For people on slow and/or capped connections, BarTab has been a *huge* improvement. For them, the benefit comes not just from saving CPU cycles or prioritizing network use, but from the ability to keep from loading tabs *at all* until you want them. Before BarTab, there was a bandwidth cost associated with keeping each tab open, and you paid it each time you restarted the browser. (Moderated by caching, but non-zero.) The cost was, obviously, two-fold: time spent waiting for the pages you want right now, and bandwidth spent loading pages you don't need right away. Before BarTab, I had to take an active role in managing my tabs and deciding whether it was worth it to keep each one open. Now, I'm free to open a page as soon as it looks relevant, then get to it when I get to it. This is because of the way BarTab won't reload a page until you ask for it by clicking that tab. Because of BarTab, my usage mode has changed from having maybe 5-10 tabs at a time, to having 40-60 tabs and maybe a couple separate browser windows. It's nice because you don't just have tabs for your current task, but also for the other tasks you're not actively working. I may restart the browser 100 times (twenty times a day, five days) before I look at the contents of a given tab. I don't want to pay the bandwidth cost until I'm ready to actually look at it. With BarTab's defer-until-clicked, it's no problem at all. NoScript, Adblock Plus, BarTab - all add-ons that change your online life. So, clearly I'm advocating for a way to configure Firefox's tab loading to "defer until clicked". If there's no associated UI other than about:config, that just increases the value of a future blog post "Firefox Secrets for the Bandwidth-Constrained".
This will be even more necessary with Firefox Panorama, which essentially makes it easier for the user to leave more tabs open.
Now that bug 586068 has been fixed, all this requires (the non-trivial part anyway) is setting browser.sessionstore.max_concurrent_tabs to 0.
(In reply to comment #16) > This will be even more necessary with Firefox Panorama, which essentially makes > it easier for the user to leave more tabs open. The panorama specific case is covered by bug 595601
(In reply to comment #13) > You really think this is worth adding a section to the preferences? We should > just find out what "works" (as in, works better than the current behavior) for > most users and let people who really want to tweak do so in about:config. If you think the preferences are too complicated for regular users, about:config is fine.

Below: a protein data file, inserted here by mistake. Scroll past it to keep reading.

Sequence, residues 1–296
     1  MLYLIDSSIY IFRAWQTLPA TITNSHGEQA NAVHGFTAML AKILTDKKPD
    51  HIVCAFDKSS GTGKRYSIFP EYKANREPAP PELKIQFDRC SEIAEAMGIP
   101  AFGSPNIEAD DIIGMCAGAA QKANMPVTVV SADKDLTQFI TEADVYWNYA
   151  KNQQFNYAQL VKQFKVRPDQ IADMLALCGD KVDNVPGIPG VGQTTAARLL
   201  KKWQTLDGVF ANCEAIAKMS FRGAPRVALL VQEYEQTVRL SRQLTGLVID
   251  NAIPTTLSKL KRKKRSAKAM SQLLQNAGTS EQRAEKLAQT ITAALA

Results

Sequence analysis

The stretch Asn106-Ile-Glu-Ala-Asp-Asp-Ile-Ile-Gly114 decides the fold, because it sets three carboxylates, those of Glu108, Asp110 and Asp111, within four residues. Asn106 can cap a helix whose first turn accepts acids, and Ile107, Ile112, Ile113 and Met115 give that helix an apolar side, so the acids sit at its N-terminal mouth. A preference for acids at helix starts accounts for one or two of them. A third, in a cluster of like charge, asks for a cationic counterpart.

(In reply to comment #20) > (In reply to comment #13) > > You really think this is worth adding a section to the preferences? We should > > just find out what "works" (as in, works better than the current behavior) for > > most users and let people who really want to tweak do so in about:config. > > If you think the preferences are too complicated for regular users, > about:config is fine. Just wanted to chime in here on this -- I think adding something to preferences would be a good idea. Need not be a section, maybe just a checkbox in 'Advanced'. Like ... [ ] Load tab only when visited ...or some such. In any case, i'd like to emphasize the usability benefits (besides the performance ones discussed in other comments) as mentioned in comment #2 (ie: login pages -- forget the wifi hotspot use case, lets say I have tabs with bugzilla pages open, in the absence of delayed loading, after a restart I'd have to reload every open page post-login so that bugzilla sees the new session). cheers, - steve
It could be nice to to modify the confirm "savesession dialog" for people that will switch off Firefox with unloaded tabs but whant to be able to consult them offline next time they open the brower. Like when you leave office and the pursue your work in the train ;-) See Bug 598285
Can we call this "fixed" now since bug 586068 is landed.
I'd like to keep it open until there's UI to enable it, or (my preference) we ship it that way by default.
(In reply to comment #24) > I'd like to keep it open until there's UI to enable it, or (my preference) we > ship it that way by default. It is enabled by default isn't it? Or do you mean UI to control the number of tabs to restore concurrently?
BarTab-like means browser.sessionstore.max_concurrent_tabs = 0.
Yes, bug 586068 fixed this (in that it makes the browser more responsive by doing cascading loads). I'm going to push for lazy loading (and in which cases we should do it) in other bugs, but the main problem described in this bug is fixed.
Mozilla/5.0 (Windows NT 6.1; rv:6.0a1) Gecko/20110428 Firefox/6.0a1 After restoring a session with more than 150 tabs, the browser still feels unresponsive to a certain degree.
Hello, In reply to Philipp von Weitershausen [:philikon] from bug 561149, comment 2 > > Does BarTab use other tricks ? > > Yes. It actually prevents tabs that aren't needed from being loaded. When > the nsISessionStore service restores tabs, BarTab will let it restore the > browser object and the attached history, but not load the page itself. You > can configure it to do the same when you open a link in a new background > tab. The loading will eventually take place when you visit the tab (though > other mechanisms would surely work). The initial idea was to reduce the > number of CPU cycles for browser (re)starts, but it turned out it also helps > with memory (ok, not too surprising I guess). > > Some BarTab users have also reported other interesting usability side > effects: > > * A video or audio site won't start playing annoying sounds through your > speakers when you (re)start the browser. I'm looking at you, YouTube... > > * Some WiFi hotspots redirect all your website accesses to a login page, > until you have logged in. In such circumstances, starting a browser with X > number of tabs to restore will yield of you X copies of the login page -- > not fun. With BarTab you'll only get one. That is interesting. See request bug 680605.